Most Algerians are bilingual and some are multilingual. They may speak Arabic, French or one of several Berber dialects.

Arabic is the official language. Written Arabic is based on the classical Arabic of the Qu'ran common to all Arab countries. In classical Arabic, written letters denote consonants only. Modern Arabic may include vowels to indicate pronunciation. Arabic is written in a cursive script from right to left. There are twenty-eight characters in the alphabet. Arabic calligraphy is an art form and is often used to decorate public buildings and mosques.

The spoken Arabic dialect of Algeria is distinctive and includes words from the Berber, French, Spanish and Turkish languages. Although Algerians can easily communicate with Arab people in Morocco, Tunisia and Libya, they may have difficulties understanding and being understood by Arabs from more distant nations, such as Syria or Jordan.

When Arabs meet, they often exchange extended formal greetings. Their word for "hello" means "Peace be upon you." The usual response is "And upon you also be peace." The name of Allah is often invoked in conversation. When an English-speaking person would say "Thank goodness," an Arabic speaker would say, "Allah be praised." Or, when an English-speaking person would say "Thank you," an Arabic speaker would say "May Allah give you health."

   Did you know?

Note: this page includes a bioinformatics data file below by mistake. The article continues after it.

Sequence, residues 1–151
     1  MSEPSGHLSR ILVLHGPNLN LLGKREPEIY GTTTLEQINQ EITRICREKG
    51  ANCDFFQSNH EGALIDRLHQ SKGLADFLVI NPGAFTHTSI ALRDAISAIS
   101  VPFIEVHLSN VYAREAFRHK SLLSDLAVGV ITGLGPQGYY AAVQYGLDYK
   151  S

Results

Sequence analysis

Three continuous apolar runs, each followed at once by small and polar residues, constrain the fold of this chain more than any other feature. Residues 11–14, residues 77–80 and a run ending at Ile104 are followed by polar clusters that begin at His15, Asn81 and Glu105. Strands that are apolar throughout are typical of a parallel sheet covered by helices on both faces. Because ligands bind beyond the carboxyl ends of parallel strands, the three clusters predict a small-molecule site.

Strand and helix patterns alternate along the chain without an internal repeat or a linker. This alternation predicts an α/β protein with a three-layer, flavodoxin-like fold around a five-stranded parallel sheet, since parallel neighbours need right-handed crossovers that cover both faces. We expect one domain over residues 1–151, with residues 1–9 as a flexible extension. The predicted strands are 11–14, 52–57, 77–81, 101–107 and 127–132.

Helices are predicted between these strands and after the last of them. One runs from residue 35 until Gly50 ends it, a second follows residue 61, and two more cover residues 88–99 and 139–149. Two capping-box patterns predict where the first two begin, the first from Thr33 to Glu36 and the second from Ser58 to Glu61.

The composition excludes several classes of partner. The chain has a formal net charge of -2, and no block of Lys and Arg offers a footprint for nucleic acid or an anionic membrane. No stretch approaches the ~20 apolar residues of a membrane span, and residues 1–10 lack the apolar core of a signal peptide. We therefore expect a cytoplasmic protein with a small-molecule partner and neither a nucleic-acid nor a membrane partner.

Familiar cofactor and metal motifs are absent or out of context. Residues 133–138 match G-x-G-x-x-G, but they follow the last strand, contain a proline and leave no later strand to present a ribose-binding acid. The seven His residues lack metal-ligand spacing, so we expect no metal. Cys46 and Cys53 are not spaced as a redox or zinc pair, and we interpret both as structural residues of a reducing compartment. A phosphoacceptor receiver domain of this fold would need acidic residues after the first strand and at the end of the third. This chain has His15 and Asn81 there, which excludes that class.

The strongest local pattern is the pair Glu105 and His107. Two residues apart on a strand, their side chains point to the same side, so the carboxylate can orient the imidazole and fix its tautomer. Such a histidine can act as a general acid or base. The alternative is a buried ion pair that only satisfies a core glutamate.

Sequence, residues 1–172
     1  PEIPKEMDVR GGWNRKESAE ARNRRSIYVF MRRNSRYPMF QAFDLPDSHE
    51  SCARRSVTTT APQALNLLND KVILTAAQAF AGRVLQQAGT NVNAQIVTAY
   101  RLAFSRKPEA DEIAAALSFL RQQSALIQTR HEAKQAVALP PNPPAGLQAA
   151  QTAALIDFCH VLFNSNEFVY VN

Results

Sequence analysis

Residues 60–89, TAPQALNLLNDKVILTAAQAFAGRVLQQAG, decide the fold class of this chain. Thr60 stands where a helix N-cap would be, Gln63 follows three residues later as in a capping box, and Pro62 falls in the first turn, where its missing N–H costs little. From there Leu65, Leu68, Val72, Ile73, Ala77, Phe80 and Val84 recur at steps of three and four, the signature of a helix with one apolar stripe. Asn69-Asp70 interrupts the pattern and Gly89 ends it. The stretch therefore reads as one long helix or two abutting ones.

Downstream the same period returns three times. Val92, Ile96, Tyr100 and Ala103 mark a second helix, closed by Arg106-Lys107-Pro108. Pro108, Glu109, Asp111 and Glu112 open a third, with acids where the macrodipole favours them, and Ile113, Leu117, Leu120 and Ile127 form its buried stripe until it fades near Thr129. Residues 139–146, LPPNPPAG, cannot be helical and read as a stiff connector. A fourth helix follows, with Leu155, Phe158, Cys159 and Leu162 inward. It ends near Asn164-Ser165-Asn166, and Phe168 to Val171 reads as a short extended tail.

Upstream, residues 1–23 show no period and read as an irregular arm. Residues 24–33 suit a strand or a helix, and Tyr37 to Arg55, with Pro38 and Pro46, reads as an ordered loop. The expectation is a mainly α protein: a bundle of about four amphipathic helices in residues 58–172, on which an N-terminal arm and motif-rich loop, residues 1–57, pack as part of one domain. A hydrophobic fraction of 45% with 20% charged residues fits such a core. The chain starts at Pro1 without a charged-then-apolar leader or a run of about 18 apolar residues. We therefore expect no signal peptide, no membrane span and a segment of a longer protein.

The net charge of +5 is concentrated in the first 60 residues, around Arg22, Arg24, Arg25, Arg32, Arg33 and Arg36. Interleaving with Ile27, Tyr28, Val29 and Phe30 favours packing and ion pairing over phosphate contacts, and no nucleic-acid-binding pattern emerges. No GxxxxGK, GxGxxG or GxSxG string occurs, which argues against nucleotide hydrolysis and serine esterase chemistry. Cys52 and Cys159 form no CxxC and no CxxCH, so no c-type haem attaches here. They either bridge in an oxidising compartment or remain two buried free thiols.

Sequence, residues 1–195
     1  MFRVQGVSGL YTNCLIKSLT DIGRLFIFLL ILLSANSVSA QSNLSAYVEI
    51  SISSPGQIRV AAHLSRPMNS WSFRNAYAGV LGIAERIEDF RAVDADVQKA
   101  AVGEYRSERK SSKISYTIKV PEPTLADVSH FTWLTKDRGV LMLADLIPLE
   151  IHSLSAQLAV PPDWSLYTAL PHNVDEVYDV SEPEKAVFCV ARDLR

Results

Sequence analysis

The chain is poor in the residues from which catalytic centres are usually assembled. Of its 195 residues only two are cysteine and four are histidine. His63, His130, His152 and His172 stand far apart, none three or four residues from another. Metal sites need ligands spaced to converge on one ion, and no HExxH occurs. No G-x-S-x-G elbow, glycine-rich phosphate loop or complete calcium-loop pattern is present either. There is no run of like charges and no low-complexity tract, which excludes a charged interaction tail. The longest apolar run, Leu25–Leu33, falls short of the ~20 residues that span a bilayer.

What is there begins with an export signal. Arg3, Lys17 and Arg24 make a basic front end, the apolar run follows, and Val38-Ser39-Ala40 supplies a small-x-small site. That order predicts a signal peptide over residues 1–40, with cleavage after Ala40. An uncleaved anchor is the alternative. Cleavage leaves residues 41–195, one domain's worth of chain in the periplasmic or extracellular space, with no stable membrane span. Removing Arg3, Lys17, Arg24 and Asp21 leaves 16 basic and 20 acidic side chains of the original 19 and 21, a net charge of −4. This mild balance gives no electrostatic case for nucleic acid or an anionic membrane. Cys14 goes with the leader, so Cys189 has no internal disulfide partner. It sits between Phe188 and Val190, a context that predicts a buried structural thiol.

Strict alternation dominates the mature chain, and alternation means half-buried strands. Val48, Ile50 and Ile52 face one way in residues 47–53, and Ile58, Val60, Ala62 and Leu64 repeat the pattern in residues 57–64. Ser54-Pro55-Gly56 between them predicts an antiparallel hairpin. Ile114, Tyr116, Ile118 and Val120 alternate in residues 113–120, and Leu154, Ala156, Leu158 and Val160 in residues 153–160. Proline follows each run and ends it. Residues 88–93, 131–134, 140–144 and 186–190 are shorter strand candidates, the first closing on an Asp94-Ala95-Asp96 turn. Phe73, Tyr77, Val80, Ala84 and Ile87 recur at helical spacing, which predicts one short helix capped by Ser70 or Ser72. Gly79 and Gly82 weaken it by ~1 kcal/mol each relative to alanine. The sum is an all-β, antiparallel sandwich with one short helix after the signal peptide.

Most Berber dialects do not exist in a written form, although the Tuaregs use an ancient script called tifinagh.

French is used by many educated Algerians in the universities and in journalism. The educational system, however, emphasizes Arabic as the primary language of instruction from the pre-school level, and it is now more common in universities and academic circles. This shift is part of the government's program of "Arabization": the creation of a country with its own language, religion and national identity, free of French language and influence.

There are many Berber dialects. The most widespread dialects are Kabyle, spoken in the Kabylie region in north-central Algeria, and Tamazight, spoken in northeast Algeria. Some dialects are restricted to small groups living in the Saharan oases.

  English Arabic
  Yes   Na'am
  No   La
  Please   'Afak (to a man)/ 'Afik (to a woman)
  Thank you   Shukran
  Hello   As-salaam 'alaykum
  Response to hello   Wa 'alaykum as-salaam
  Goodbye   Ma 'as-salaama
  How are you?   Kayf haalek?

   Did you know?

Some Arab names honour previous generations. Qasir ibn Mohammed ibn Ahmed means Qasir, son of Mohammed and grandson of Ahmed. Other names refer to a person's town of origin, such as Ali ibn Abdul el Bayadh, which means Ali, son of Abdul, of the town of Bayadh.